Bisi Ademuyiwa.jpg

Foluso O. (Bisi) Ademuyiwa, MD, MPH

Associate Professor
Department of Medicine
Oncology Division
Medical Oncology

Clinical Interests

  • Breast cancer

Research Interests

  • Triple negative breast cancer
  • Immunotherapy


  • 314-362-7201 (tel)
  • 314-362-7086 (fax)
  • 11th Floor Mid-Campus Center (office)
  • Division of Oncology
    Campus Box 8056
    Washington University Medical School
    660 South Euclid Avenue
    St. Louis, MO 63110


My clinical and research interests focus on the treatment of patients with breast cancer. I am particularly interested in developing novel treatments for patients with triple negative breast cancer (TNBC). Compared with non-TNBC, these tumors generally occur in younger or black women, are of a higher grade, have a higher propensity to spread to distant organs, and have a worse outcome with a high rate of recurrences after adjuvant treatments. Thus, there is a dire need to develop tumor-specific targets in an attempt to improve the outcome for patients with TNBC.

I am the Principal Investigator on an NIH-funded clinical trial investigating a unique chemotherapy combination in the pre-operative setting in patients with triple negative breast cancer. This is an innovative co-clinical trial, in which we will simultaneously be developing patient-derived xenografts in immunodeficient mice. The ultimate goal of this project is to determine if we can increase the pathologic complete response rate at time of surgery by utilizing this chemotherapy combination. In addition, we will investigate molecular mechanisms of chemotherapy resistance using genomic and proteomic analysis.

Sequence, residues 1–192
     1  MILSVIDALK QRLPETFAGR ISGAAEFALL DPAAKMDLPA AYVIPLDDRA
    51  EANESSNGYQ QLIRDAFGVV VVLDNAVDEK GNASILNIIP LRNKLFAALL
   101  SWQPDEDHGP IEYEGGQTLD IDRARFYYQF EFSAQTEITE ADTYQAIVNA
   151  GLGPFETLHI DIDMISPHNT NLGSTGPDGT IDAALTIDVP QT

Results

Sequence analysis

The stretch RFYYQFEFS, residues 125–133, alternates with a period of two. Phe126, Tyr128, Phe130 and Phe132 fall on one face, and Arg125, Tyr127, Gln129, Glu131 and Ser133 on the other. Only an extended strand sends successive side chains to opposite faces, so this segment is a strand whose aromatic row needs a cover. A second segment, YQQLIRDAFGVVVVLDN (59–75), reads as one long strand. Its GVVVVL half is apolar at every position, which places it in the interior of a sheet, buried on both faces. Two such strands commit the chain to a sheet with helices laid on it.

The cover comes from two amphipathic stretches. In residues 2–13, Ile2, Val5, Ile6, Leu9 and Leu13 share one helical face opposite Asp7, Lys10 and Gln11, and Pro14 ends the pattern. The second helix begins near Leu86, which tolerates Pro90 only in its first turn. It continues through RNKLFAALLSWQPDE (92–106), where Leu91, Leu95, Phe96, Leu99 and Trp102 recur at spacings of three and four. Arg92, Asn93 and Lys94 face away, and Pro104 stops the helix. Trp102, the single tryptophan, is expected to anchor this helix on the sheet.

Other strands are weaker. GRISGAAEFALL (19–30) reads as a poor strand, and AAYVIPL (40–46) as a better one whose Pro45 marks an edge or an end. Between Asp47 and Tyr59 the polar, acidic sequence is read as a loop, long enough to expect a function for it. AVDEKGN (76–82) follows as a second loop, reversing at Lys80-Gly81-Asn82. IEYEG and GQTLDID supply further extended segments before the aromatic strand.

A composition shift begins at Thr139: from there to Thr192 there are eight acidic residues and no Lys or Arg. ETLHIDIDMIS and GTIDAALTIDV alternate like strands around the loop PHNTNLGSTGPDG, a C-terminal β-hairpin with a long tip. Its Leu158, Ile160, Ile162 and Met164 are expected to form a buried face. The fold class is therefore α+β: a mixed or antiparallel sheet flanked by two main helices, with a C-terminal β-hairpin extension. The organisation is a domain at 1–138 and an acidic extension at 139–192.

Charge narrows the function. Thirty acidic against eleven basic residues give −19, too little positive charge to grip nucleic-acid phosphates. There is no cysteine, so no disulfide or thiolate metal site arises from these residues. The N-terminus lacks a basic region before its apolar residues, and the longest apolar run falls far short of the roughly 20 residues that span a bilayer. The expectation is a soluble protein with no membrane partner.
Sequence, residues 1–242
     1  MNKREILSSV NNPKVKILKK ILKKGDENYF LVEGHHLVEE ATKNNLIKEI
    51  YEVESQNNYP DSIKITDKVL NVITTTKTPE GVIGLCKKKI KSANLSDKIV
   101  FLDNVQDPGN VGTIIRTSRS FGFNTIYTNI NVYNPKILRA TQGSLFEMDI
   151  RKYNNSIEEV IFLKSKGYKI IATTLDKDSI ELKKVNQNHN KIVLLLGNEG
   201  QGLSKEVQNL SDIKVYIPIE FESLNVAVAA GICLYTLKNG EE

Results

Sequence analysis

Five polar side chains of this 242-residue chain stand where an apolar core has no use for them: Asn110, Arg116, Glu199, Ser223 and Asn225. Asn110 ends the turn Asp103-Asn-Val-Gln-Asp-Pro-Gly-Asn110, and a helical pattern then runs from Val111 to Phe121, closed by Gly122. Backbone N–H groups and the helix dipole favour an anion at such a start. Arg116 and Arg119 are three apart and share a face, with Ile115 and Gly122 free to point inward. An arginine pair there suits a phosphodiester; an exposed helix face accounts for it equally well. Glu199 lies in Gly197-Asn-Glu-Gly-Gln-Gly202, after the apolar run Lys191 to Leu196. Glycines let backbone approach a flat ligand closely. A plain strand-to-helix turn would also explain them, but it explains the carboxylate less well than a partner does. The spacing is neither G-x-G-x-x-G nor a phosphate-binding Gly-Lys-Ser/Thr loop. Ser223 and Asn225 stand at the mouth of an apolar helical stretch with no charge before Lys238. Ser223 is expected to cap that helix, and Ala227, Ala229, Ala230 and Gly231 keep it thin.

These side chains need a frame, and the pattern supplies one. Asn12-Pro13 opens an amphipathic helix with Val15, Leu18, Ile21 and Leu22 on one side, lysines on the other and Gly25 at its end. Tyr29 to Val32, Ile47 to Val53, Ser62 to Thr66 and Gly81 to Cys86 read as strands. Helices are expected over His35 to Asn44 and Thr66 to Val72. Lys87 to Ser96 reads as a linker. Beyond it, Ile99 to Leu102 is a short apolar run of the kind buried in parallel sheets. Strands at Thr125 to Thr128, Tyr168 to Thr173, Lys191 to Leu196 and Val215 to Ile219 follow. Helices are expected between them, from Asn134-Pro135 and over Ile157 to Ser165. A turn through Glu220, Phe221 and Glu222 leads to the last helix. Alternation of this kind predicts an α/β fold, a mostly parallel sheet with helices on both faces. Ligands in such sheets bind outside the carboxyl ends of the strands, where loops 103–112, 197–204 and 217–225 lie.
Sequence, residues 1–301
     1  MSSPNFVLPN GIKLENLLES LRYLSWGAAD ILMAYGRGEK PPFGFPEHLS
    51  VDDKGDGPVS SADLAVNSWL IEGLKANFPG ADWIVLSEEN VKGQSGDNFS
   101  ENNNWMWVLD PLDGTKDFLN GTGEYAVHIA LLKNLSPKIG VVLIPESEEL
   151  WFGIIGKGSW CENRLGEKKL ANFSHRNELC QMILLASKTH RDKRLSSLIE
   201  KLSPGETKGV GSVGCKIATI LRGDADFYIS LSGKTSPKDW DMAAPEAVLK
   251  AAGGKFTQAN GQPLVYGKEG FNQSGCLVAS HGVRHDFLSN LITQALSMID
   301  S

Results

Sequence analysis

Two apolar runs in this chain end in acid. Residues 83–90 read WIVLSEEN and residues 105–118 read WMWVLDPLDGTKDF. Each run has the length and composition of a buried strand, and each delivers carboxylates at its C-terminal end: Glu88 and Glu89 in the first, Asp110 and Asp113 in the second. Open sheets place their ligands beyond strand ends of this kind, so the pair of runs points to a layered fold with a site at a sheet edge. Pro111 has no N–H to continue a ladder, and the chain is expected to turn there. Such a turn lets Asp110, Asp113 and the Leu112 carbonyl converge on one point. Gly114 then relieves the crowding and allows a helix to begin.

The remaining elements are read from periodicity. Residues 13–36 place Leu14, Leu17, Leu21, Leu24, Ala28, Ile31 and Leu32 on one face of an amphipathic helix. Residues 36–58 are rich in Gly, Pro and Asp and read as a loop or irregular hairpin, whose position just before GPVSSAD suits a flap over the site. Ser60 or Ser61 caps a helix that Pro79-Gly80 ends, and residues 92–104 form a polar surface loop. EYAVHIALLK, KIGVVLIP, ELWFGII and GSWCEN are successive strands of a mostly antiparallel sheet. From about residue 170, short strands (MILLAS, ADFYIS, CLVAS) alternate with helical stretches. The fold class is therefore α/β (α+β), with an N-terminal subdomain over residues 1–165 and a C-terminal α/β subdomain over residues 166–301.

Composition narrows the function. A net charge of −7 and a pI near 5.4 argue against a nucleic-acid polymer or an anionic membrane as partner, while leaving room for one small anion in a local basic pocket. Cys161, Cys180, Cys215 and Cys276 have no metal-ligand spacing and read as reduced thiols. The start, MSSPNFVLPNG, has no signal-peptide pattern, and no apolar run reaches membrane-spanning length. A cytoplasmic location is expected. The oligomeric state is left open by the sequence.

I also collaborate actively with several scientists on clinical protocols in which immune therapies are used to harness the immune system to fight against breast cancer. In the largest and most rigorous investigation on NY-ESO-1 cancer testis antigen in patients with TNBC, we have shown that NY-ESO-1 is expressed in a subset of TNBC patients and leads to a relatively high spontaneous humoral immune response rate in these individuals. Progress continues to be made in understanding the interactions between the immune system and patients with breast cancer. It is through careful characterization of the different subtypes of TNBC through analysis of its genomic features and other indices detectable by IHC that progress will be made in using these differences for the development of personalized therapies.

I see patients with all types of breast cancer at the Siteman Cancer Center Main Campus and South County Campus. I am particularly interested in patients with TNBC and young women with breast cancer and provide them information on the latest research findings and clinical trials available. I am passionate about the patients and families I care for.